On the ride back to the townhouse, Gabrielle chatted with Annette and Margaux. She didn’t think about her brother or his lies. She didn’t think about any of that. If she wanted to continue to fool the sisters, she had to keep up the pretense of this life.
But the moment they dropped her off with promises to see her the next evening for a dinner party, Gabrielle stormed into the house. She was going to murder her lying, scheming brother.
“I take it,” Theodore said the moment the butler closed the door behind her, “your day with the Fortier sisters was pleasant?”
The butler moved as slowly as he could from the room and still look as if he moved. Gabrielle waited until he’d gone from earshot, an excruciating wait, before answering. She started to confront Theodore, demand to know why he lied to her, but stopped herself before uttering a sound.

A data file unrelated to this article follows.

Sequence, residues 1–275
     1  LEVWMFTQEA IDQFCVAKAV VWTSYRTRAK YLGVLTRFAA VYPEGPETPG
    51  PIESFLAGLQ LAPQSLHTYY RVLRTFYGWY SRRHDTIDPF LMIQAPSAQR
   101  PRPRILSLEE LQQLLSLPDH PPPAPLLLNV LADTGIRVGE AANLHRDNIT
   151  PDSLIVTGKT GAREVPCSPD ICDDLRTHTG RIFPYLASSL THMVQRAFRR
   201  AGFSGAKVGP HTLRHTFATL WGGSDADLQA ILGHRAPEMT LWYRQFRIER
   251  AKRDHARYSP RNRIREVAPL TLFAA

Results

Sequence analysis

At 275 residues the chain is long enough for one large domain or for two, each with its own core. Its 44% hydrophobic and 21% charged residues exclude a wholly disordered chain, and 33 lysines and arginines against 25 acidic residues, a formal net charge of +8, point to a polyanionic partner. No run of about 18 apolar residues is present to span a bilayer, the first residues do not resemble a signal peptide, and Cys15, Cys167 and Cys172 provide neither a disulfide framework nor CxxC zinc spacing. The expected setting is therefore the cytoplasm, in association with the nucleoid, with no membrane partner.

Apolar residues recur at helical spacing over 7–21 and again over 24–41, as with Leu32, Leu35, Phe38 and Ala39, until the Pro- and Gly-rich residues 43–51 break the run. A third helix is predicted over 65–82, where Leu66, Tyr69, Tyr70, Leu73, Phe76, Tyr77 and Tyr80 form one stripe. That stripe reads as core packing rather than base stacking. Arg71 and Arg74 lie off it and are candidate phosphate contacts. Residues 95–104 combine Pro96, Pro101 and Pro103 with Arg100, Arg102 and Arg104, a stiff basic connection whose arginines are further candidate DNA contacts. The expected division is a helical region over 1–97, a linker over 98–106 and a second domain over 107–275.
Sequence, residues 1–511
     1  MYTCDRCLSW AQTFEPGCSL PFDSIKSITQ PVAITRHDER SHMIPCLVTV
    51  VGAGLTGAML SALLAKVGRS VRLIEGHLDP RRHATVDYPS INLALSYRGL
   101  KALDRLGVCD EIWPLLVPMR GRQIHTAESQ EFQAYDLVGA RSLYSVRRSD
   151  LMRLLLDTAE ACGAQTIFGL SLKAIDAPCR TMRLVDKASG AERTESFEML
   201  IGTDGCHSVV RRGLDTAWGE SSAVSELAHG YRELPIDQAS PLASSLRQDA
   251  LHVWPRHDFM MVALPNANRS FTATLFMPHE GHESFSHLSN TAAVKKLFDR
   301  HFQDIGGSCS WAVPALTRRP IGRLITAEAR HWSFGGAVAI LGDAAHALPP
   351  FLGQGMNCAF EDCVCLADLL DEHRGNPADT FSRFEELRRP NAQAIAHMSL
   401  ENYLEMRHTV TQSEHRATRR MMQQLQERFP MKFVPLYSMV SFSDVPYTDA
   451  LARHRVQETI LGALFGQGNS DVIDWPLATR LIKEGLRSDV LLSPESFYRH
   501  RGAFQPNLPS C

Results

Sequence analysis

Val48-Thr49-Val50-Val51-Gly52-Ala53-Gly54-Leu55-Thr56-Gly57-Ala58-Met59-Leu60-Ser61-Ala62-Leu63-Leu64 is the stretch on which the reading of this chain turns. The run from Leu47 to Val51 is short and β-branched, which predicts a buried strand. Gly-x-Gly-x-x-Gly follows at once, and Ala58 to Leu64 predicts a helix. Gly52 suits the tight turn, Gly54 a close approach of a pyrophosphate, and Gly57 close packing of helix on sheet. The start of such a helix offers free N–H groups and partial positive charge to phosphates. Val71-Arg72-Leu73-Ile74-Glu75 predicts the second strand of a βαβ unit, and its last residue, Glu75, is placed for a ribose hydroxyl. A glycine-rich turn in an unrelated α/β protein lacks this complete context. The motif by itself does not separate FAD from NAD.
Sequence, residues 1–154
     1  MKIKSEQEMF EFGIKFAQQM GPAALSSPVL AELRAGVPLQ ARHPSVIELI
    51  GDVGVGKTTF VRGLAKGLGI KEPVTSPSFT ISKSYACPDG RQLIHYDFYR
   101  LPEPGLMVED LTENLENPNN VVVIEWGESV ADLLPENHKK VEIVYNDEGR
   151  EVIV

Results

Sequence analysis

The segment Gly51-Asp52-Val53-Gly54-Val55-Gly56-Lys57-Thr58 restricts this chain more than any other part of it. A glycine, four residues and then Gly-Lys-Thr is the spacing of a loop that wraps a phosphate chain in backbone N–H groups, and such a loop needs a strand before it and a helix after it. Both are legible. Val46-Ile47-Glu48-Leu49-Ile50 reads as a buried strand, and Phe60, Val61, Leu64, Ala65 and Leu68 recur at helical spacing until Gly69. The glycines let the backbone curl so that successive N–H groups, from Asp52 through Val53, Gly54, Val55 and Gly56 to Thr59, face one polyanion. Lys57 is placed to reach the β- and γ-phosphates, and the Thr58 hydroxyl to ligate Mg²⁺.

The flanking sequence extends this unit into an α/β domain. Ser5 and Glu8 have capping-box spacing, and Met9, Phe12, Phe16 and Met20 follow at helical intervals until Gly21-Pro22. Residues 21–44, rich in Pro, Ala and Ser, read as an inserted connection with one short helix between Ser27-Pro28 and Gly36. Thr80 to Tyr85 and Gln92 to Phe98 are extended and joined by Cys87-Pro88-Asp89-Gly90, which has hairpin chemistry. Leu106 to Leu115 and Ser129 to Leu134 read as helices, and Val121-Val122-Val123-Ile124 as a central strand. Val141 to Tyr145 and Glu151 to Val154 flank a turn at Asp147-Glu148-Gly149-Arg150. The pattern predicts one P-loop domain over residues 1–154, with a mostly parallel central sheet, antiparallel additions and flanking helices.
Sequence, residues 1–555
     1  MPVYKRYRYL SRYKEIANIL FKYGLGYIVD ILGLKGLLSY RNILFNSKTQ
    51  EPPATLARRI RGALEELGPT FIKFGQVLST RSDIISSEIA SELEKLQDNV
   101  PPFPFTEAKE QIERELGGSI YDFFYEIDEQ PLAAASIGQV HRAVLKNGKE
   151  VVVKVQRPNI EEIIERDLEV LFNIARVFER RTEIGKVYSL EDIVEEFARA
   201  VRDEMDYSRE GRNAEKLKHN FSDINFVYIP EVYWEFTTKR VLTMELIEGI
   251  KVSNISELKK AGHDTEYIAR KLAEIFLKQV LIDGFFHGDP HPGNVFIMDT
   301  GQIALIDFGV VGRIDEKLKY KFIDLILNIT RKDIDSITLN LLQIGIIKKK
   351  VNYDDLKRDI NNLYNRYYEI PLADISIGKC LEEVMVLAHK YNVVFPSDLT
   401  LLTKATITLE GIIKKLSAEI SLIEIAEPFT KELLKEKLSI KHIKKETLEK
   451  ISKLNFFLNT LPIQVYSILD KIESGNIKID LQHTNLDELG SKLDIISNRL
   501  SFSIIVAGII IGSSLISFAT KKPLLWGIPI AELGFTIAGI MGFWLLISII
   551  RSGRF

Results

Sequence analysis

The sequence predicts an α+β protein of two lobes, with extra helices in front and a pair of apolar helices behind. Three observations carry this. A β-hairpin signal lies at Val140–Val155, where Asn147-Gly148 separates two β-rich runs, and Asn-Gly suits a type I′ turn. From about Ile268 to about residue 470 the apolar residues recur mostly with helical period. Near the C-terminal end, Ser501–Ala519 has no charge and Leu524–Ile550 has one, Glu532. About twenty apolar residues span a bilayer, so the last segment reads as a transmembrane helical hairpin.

If she admitted to Theodore she’d seen Eric, he’d barricade up this house tighter than a besieged fort. No, Gabrielle knew why he’d lied—he hated that she had ever been a member of the Hellfire Club, hated that life, the sexual promiscuity, the political alliances made and broken over an evening in bed.
Taking a deep breath, she smiled up at him instead. “Yes, Theodore,” she said pleasantly, “we had a lovely afternoon. And I’ve had news.”
Studying him carefully, she saw the barest flicker of fear cloud his blue eyes. There and gone in an instant. If she hadn’t looked for it, Gabrielle would have missed it.
“What news?” he asked nonchalantly.“General Fortier is to return within the month.” She smiled at that and hoped her reaction—her forced happiness—at her intended’s return showed clearly. “I’m sure you’ll be glad to finally have me out of this house.”